Are District Steam Systems a Decarbonization Strategy?
I will look at the annual delivery efficiency of medium pressure steam distribution systems (100 to 175 PSI). District energy systems typically do not have any condensate return systems and the host site must cool condensate from 170° to 140 °F before dumping it into the sewer. Most of the hosts utilize the steam at low pressure (15 PSI or lower) or as hot water for heating or domestic use. This results in 50% to 66% instantaneous efficiency of fuel input to useful thermal energy delivered to the building for heating or DHW loads. When accounting for the standby losses during the summer and night set back periods, the efficiencies are much lower due to standby losses from year-round hot infrastructure. An important question we should ask ourselves is “Can we afford to use valuable future renewable energy sources at these poor delivery efficiencies, or do we need to find better answers?” I will present some alternative solutions for the decarbonized all-electric carbon free future rather than utilizing this early 19th century distribution system. Open discussion at the end of the presentation.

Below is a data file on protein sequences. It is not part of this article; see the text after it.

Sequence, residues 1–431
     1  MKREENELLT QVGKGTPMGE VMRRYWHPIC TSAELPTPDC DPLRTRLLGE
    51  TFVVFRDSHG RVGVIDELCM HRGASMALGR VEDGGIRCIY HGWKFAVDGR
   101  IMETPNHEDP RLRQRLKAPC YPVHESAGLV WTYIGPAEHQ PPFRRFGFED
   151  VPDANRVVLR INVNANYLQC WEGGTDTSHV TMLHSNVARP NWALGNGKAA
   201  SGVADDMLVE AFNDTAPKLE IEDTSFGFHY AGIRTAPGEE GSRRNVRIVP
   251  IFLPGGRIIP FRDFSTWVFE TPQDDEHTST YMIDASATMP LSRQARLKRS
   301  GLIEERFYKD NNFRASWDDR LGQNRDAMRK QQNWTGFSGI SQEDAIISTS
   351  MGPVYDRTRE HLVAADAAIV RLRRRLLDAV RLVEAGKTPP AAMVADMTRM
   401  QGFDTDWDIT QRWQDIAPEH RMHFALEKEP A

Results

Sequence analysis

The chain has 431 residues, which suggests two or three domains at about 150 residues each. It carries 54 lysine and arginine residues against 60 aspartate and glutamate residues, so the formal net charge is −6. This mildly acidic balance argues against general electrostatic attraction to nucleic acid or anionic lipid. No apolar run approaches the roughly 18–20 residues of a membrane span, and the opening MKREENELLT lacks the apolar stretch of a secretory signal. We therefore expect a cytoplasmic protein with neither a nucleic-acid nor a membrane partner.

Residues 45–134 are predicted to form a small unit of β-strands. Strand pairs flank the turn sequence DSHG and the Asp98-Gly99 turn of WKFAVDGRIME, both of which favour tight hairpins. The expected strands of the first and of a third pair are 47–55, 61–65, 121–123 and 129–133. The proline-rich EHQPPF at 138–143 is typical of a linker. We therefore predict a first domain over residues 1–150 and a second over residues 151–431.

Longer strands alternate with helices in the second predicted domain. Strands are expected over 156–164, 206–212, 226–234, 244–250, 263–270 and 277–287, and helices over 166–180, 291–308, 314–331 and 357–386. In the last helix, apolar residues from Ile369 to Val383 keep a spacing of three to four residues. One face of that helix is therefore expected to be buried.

Scott Greenbaum PE, CEM, CPHC, CBCP, GBE - I graduated from the United States Merchant Marine Academy with a BS in Engineering (1977) and from New York University with a MS in Energetics (energy production technologies and efficiency) in 1981. I have been involved in the building energy business since 1980. I have worked in the commercial, institutional, & industrial building sectors in many capacities from energy auditor, MEP engineer for developer, HVAC design engineer, commissioning agent for both new and existing buildings, central plant design and evaluation, and decarbonization engineer. I recently obtained Passive House (PHIUS) certification as a consultant (CPHC). District Energy Systems I have worked with include Vicinity (Baltimore, Boston, Cambridge, Philadelphia), MATEP, Con Edison Steam, Vicinity (Philadelphia), University of Hartford, and Clark University.